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sour cream butter

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Tom Kurth View Drop Down
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Joined: 10 May 2015
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    Posted: 30 April 2018 at 19:19
English Rose mentioned something about "real Irish butter." Now I don't know what distinguishes Irish from any other butter (Somebody please enlighten me.), but it reminded me of my father's affection and my own for sour cream butter.

Dad was born in 1915 in western Kansas on a typical mixed product farm. Wheat was one cash crop, but the midds were unsalable so after milling they came back home to be used to slop hogs. Cream was another cash source, but the resultant skim milk was also unsalable and was mixed with the midds for the slop. Milk cows were bred and the heifers were added to the herd. The steers were another source of cash. They were too valuable to be used to feed the family. That's what the swine were for. Eggs were salable but chickens weren't so pullets and old hens were food for the family as well.

Despite the fact that cream was marketable, Grandma did use plenty in the kitchen. Dad talked about her chicken: She would fry it hard and fast, in lard of course. Then she would pour off the lard and add a quart of heavy cream in which the chicken was simmered. The cream would become the gravy.

Grandma Lena was a great baker whose bread was made four sourdough loaves at a time in a roasting pan, the loaves towering to eight, nine, ten inches high. She learned to bake from her mother who in the early years had baked at a hotel on Front St. in Dodge City at the height of the cattle trade. A neighbor who helped with harvest loved Lena's bread and complained about his own wife's bread saying (in German of course), "It's as short as cottage cheese." Meaning, it had no stretch, no chew.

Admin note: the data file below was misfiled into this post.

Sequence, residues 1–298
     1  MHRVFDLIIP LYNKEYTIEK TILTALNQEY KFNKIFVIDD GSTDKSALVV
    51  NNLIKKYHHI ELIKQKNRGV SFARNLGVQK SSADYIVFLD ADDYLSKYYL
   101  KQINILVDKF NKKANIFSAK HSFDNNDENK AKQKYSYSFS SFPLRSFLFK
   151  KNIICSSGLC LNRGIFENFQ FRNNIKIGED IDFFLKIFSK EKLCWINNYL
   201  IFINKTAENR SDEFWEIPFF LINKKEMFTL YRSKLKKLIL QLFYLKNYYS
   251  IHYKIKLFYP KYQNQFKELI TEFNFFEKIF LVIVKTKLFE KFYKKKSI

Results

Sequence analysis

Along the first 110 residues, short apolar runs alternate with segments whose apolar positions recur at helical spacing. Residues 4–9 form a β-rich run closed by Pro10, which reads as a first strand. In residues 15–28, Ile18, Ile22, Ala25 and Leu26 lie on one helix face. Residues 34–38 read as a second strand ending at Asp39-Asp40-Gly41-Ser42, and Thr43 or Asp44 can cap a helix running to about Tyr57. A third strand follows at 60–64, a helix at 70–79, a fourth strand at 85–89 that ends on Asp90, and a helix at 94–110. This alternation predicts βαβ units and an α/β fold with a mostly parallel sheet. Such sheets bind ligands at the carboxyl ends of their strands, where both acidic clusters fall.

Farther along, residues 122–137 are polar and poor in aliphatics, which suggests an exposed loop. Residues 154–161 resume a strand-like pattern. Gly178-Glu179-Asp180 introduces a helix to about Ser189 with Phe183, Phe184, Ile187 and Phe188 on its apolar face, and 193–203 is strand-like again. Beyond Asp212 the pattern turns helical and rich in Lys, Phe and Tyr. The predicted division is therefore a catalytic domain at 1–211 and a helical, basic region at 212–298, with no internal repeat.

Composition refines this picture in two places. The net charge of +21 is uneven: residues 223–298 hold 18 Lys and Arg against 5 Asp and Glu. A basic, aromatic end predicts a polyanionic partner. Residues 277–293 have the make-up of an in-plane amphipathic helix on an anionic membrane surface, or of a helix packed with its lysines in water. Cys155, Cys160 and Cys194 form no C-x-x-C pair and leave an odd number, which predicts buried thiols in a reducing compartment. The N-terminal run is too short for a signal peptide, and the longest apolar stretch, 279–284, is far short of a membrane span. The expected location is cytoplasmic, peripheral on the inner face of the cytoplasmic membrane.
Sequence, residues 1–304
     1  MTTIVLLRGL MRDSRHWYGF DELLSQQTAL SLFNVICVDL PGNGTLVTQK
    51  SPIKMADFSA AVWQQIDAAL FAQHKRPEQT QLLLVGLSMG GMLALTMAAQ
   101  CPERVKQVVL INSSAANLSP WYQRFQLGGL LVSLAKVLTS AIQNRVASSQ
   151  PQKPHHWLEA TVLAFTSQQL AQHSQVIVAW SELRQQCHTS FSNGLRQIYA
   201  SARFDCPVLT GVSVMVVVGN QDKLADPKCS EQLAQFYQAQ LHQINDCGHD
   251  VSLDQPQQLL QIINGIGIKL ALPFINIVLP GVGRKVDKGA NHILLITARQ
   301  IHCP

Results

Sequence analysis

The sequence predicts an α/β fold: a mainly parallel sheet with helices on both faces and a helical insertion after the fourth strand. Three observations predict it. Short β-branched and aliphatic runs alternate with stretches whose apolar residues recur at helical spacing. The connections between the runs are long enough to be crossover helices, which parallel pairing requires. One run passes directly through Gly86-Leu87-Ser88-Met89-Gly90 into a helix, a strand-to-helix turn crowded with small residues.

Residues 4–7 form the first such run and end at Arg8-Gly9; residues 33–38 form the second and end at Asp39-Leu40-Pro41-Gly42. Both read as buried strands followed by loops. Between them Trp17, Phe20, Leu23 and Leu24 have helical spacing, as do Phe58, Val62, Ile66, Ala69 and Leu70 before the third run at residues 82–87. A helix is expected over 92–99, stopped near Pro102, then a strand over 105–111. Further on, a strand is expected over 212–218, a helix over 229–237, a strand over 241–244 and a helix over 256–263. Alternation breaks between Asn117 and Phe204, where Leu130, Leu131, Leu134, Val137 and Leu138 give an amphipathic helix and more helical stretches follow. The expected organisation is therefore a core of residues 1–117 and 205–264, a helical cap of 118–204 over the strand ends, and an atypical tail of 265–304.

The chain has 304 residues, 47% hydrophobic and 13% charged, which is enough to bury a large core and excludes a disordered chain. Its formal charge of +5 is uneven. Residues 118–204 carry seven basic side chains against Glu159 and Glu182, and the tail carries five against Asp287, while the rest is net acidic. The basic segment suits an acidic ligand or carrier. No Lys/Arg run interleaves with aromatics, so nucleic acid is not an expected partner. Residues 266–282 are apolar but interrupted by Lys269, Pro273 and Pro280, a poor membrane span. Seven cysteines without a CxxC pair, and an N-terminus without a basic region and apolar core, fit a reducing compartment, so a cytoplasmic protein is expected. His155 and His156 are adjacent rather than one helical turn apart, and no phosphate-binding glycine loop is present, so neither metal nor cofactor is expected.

And, to be sure, cream was made into butter, just not sweet cream butter. It had to be sour cream butter. If you've never had sour cream butter you don't know what you're missing. Sweet butter is, by comparison pale and flavorless. I'll go to my grave cherishing memories of Lena's bread warm from the oven, slathered with rich, darkly yellow, generously salted home-made sour cream butter.

If you've never had any,buy a quart of heavy cream and let it sit out until it clabbers  Then churn it using a handheld mixer, salt generously and then save it until you have time to make a good loaf. Nothing like it!
Best,
Tom

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pitrow View Drop Down
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Post Options Post Options   Thanks (0) Thanks(0)   Quote pitrow Quote  Post ReplyReply Direct Link To This Post Posted: 01 May 2018 at 09:58
Great story Tom, thanks for the history! I believe you've nailed the difference in Irish butter vs American butter. I'm certainly no expert but I've been told that Irish butter is made from slightly soured milk where as US butter is 'sweet cream' as you noted. Also the Irish butter is usually from grass fed cows, which is not always true in the US. 

I've personally never tried the irish butter, but I've been meaning to, I just keep forgetting to pick some up. 
Mike
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Post Options Post Options   Thanks (0) Thanks(0)   Quote TasunkaWitko Quote  Post ReplyReply Direct Link To This Post Posted: 02 May 2018 at 12:08
Tom, I really enjoyed reading this - thank you!
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